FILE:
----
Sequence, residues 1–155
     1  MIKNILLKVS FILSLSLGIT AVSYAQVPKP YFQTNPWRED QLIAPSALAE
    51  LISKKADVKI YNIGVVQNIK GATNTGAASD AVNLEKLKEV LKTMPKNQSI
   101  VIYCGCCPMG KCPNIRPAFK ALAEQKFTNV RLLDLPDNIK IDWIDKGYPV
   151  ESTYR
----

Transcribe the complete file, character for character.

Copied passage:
Sequence, residues 1–155
     1  MIKNILLKVS FILSLSLGIT AVSYAQVPKP YFQTNPWRED QLIAPSALAE
    51  LISKKADVKI YNIGVVQNIK GATNTGAASD AVNLEKLKEV LKTMPKNQSI
   101  VIYCGCCPMG KCPNIRPAFK ALAEQKFTNV RLLDLPDNIK IDWIDKGYPV
   151  ESTYR